The Truth About Prepaid Interest

As you probably know, when you buy a home, the bank charges interest on your mortgage every day, but for the sake of convenience, the bank only asks that you pay once a month.  This daily rate of interest is sometimes referred to as per diem (pronounced purr DEE-um), which is latin for “per day”.

 With a fixed loan the payments are the same every month (barring an increase in realty taxes or insurance, it they are escrowed, which is a whole topic in itself).  But if you close on any day other than the first or last day of the month, then the total monthly payment for the first month includes fewer days, so the total monthly payment is different for that one month only–so rather than confuse the borrower, the bank charges you for that odd first payment (often called “prepaid interest”) at the closing.

It is a bit misleading to call this “prepaid interest” because when you borrow a mortgage you spend the first few years paying lots of interest and a very wee bit of “principal.”  Principal is the part of your payment that actually chips away at the base amount you originally borrowed.  That’s why if you sell your home a few years after you buy it, your mortgage payoff is practically as high as the original loan amount!  You can actually visualize this depressing concept by viewing an amortization chart.  The chart shows the thirty year repayment schedule, and what portion of your payment goes to principal or interest broken down by month.  It’s like a financial planner’s version of a crystal ball.  You should usually view it while holding the hand of someone you love.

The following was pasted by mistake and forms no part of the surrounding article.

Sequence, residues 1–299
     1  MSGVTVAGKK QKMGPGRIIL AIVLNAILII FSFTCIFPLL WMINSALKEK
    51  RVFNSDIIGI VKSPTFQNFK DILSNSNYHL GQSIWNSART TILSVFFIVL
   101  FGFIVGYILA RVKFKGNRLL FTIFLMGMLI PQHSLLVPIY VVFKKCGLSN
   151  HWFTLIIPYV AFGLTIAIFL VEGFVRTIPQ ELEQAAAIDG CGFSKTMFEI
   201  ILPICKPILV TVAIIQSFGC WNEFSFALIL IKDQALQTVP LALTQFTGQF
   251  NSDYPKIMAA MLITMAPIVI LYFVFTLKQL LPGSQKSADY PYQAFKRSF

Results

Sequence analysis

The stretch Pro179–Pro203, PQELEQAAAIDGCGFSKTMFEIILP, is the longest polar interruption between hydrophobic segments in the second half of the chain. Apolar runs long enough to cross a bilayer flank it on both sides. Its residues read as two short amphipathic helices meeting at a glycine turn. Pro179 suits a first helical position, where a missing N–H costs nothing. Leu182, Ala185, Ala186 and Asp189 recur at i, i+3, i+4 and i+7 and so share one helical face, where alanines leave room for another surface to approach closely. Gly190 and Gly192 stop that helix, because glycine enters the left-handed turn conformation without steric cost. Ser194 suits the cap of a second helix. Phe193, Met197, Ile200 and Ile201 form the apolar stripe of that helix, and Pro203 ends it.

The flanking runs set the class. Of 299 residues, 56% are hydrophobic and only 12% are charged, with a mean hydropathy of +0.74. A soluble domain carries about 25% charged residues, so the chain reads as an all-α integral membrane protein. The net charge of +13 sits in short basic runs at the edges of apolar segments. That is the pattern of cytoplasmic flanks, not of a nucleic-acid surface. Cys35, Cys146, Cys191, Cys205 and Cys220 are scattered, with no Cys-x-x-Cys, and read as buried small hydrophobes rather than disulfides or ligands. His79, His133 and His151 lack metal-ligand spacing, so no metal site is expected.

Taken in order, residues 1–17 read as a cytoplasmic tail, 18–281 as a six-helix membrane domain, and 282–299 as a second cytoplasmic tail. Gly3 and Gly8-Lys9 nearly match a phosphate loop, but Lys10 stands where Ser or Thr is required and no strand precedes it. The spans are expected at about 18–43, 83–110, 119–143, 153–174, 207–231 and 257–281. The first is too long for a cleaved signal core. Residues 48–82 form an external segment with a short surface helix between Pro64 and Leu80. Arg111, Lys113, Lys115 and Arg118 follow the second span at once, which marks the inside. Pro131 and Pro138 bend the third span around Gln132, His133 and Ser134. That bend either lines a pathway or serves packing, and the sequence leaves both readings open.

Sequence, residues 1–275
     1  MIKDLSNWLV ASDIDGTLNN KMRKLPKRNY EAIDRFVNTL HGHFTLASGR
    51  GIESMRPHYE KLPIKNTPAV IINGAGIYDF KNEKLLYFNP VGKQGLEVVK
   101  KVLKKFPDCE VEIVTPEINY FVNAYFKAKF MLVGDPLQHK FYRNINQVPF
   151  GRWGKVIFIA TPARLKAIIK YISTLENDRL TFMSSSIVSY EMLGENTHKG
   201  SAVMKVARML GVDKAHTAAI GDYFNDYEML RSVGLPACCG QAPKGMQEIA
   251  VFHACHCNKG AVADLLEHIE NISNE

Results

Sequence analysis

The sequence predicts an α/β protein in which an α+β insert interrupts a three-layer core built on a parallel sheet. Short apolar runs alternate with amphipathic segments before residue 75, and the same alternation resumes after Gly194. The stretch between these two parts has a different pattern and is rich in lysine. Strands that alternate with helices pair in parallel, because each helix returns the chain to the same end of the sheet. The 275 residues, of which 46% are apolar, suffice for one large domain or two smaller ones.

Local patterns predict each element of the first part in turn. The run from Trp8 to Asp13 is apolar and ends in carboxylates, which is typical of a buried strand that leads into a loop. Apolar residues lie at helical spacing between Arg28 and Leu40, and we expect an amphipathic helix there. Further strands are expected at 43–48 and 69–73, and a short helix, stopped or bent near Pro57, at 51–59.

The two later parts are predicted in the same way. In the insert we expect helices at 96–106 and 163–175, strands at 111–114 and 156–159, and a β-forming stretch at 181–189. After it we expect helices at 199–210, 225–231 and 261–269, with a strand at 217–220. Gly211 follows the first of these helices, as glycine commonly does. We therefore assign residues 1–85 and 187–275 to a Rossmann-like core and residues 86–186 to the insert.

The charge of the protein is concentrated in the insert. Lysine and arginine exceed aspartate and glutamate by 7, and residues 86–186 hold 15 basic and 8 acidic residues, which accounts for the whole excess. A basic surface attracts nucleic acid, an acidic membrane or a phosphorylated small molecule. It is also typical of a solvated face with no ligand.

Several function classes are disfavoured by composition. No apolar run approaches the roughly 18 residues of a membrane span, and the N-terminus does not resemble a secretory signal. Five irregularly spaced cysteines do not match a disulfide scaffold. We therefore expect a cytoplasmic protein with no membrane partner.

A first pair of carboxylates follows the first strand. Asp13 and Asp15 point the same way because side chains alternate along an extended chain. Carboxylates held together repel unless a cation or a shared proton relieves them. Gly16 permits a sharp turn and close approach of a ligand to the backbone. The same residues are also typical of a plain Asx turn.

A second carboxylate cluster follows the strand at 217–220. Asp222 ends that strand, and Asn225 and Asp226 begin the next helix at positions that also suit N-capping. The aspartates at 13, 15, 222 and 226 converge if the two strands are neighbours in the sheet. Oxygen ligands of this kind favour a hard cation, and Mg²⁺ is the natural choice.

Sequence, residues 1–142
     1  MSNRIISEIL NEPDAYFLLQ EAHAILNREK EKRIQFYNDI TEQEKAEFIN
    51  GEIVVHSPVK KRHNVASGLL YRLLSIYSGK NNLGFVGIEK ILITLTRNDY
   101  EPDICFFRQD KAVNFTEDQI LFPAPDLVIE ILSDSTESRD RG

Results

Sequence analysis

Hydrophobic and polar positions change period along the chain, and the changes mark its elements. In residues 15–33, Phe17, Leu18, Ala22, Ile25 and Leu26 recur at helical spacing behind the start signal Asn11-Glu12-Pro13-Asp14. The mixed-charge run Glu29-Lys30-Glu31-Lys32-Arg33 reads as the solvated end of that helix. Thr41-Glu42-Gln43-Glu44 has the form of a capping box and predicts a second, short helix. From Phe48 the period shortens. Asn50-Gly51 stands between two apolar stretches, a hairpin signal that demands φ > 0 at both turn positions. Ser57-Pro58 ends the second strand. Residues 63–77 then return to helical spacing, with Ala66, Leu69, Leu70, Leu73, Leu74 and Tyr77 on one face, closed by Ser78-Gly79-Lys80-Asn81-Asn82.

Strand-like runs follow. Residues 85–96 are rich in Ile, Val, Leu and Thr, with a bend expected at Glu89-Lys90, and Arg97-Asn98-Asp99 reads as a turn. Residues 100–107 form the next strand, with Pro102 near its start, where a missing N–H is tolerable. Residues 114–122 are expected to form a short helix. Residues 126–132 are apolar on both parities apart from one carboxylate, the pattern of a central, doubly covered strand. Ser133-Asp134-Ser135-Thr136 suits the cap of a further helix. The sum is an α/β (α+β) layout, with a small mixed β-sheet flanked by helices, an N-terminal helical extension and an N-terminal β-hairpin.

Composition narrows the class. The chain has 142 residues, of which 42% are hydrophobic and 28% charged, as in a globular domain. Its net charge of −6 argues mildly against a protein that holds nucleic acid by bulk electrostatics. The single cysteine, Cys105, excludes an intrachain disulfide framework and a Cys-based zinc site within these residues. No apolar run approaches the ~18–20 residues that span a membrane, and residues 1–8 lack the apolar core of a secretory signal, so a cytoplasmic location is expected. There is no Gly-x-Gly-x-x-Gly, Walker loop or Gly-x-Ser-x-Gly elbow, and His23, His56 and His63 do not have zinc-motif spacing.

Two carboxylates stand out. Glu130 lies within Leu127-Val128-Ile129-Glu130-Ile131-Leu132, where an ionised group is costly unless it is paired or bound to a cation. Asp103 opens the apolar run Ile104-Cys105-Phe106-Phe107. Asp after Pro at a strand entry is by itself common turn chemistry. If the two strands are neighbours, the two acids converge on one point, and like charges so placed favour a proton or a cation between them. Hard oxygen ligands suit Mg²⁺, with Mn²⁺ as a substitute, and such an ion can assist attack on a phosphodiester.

Are you still following me?  Good.

 Some people think that when you don’t pay this “odd” payment, by closing on the first or last day of the month, that you are saving money.  Wrong!  This is a myth.

The disadvantage of closing on the first or last day of the month is that you make your first ordinary payment a whole month sooner.  So, although you need less cash on the day of closing, the lender will expect the first regular payment 30 days after closing.  This is more of an issue for people who are tight for money at their closing (which might be you).  But it doesn’t save you any money–anyone who tells you it does is either trying to rush you into closing  or is repeating a legal fiction that just ain’t so.

Some people working in the home buying industry may not be willing to take the time to explain these small details, but at Richard F. Fried, Counselors At Law we are here to answer your questions.  Just ask!

On the other hand, for those lucky people that can afford to close any day (other than the first or last day of the month), they won’t have to make that first mortgage payment until the following month.  It will feel like a payment holiday–no rent and no mortgage payment on the first day of the month after you close!  Of course, the per diem still keeps accruing, so it won’t save you any money.  But after paying for a real estate closing, even the illusion of a payment holiday will be welcome news.

Trust me on this one.